TOKYO -- Prime Minister Yoshihide Suga on Monday said his government will consider lowering tax rates and promote diversity in boardrooms to draw foreign talent as the Japanese capital seeks to reinvent itself as a global financial hub.
Japan "can expect a market revitalization by attracting financial personnel from overseas," Suga said in an interview with Nikkei and several other media outlets, his first since taking office last month. The prime minister pledged to "quickly address matters including taxation, residency requirements and administrative support in English" to create an environment attractive to top financial talent.
Japan's 33% rate on taxable income of 10 million yen ($94,900) is much higher than Hong Kong's 17% or Singapore's 15% for equivalent salaries. The ruling Liberal Democratic Party's committee on foreign workers has called for lower taxes, arguing that high levies on income and inheritances pose obstacles to drawing overseas talent. The party's tax research commission will present its findings on the issue by the end of this year.
"Of course I expect Tokyo to develop [as a center]," Suga said, adding that he plans to "create an environment where financial functions can be improved" throughout Japan.
On last week's stock market glitch, Suga said it was "very regrettable" that the Tokyo Stock Exchange had to halt trading for an entire day. He called for an investigation into the system malfunction and for measures to prevent a recurrence.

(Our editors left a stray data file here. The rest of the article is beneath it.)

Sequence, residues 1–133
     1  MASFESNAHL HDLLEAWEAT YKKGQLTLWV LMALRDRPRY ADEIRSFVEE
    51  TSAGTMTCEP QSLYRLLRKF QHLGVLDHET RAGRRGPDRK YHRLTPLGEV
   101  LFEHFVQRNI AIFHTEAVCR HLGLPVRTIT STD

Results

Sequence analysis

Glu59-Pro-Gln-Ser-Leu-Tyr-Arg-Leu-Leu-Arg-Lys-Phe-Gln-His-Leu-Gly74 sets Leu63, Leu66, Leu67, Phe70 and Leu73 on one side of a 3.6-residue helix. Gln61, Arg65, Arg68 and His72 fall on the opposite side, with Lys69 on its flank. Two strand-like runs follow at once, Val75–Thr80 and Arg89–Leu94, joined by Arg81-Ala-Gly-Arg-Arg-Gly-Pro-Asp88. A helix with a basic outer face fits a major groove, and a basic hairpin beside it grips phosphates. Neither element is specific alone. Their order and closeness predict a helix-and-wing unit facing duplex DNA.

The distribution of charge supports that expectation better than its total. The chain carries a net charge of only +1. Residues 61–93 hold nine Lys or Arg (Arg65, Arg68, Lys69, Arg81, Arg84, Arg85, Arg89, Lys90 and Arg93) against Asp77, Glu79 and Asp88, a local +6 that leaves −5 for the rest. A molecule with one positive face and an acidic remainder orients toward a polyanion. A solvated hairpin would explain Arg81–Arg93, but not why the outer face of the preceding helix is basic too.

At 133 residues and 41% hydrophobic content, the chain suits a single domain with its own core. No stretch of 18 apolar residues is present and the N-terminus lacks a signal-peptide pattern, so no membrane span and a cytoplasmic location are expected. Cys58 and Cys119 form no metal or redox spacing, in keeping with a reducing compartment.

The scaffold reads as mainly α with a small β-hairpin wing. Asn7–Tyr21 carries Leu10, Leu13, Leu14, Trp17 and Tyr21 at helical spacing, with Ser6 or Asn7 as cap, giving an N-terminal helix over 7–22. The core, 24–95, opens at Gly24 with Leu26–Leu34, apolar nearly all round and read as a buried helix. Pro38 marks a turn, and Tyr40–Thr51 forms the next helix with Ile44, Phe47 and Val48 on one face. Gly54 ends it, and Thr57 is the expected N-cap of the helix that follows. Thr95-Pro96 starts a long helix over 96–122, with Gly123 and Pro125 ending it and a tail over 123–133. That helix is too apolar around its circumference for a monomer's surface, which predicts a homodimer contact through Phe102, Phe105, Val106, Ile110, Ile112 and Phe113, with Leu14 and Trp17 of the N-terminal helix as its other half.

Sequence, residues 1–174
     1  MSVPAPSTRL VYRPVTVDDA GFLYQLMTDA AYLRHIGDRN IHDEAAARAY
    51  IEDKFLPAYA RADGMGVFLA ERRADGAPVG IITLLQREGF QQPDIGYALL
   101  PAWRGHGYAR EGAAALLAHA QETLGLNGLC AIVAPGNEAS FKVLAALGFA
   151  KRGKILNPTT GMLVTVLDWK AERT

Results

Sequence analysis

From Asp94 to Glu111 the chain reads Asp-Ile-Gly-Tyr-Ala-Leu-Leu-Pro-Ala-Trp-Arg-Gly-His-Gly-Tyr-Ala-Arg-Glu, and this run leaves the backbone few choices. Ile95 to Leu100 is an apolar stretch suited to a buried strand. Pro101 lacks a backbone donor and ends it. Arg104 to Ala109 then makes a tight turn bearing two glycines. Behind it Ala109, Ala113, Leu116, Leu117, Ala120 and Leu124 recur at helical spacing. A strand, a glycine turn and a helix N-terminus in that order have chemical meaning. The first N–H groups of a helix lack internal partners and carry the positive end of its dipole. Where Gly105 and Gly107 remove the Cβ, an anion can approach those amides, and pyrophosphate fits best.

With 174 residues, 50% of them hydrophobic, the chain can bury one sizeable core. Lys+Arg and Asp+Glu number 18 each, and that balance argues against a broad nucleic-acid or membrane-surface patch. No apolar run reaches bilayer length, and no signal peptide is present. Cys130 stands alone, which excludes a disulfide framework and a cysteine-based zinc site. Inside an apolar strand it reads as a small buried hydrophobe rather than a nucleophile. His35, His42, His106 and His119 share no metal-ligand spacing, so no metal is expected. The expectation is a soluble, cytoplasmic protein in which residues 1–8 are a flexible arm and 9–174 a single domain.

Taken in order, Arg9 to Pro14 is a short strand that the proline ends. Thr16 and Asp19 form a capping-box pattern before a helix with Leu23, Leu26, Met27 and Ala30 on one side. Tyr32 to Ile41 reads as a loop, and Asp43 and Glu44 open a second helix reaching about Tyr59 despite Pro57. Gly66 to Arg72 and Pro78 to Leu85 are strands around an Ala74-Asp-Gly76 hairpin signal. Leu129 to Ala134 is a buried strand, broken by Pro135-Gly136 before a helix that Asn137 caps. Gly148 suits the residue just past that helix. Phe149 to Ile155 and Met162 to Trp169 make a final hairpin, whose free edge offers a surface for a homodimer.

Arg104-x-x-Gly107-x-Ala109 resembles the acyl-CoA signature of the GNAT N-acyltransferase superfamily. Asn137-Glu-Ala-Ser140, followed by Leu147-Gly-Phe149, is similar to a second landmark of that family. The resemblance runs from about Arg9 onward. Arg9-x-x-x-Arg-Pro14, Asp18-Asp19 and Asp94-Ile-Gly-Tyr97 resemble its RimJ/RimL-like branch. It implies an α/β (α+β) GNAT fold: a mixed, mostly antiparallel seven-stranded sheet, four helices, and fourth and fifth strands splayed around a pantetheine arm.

"It is extremely important to build appropriate infrastructure for the development of an international financial center," Suga said.
Suga pledged to push corporate governance reform to see more women and foreigners occupy executive positions.
The Financial Services Agency and the Tokyo Stock Exchange are slated to begin discussions within this fiscal year for revising the Corporate Governance Code in 2021, a process that occurs every three years.
The governance code was implemented in 2015 to attract foreign investment and help make Japanese businesses more competitive. It has been lauded by investors for taking on entrenched practices, such as cross-shareholdings.
Though the current version urges companies to promote diversity in management positions, little progress has been made compared with Europe and the U.S.
"It is desirable to promote diversity, including by hiring more women, foreigners, midcareer workers" and putting them in management positions, Suga said. "Further promoting reform is extremely important," he added.
Women occupied just 8.8% of board seats at companies in the Nikkei Stock Average last year, while non-Japanese directors held 3.5%, American consulting firm Spencer Stuart says. In France, 47.4% of directors at major businesses were women, and 36.6% were foreign nationals. Women made up 26% of directors at S&P 500 companies in the U.S., while in the U.K., 33.2% of directors at FTSE 150 businesses were foreign.
"As the coronavirus transforms the environment for industries as well as individual companies, new opinions should be reflected in order to realize growth," Suga said.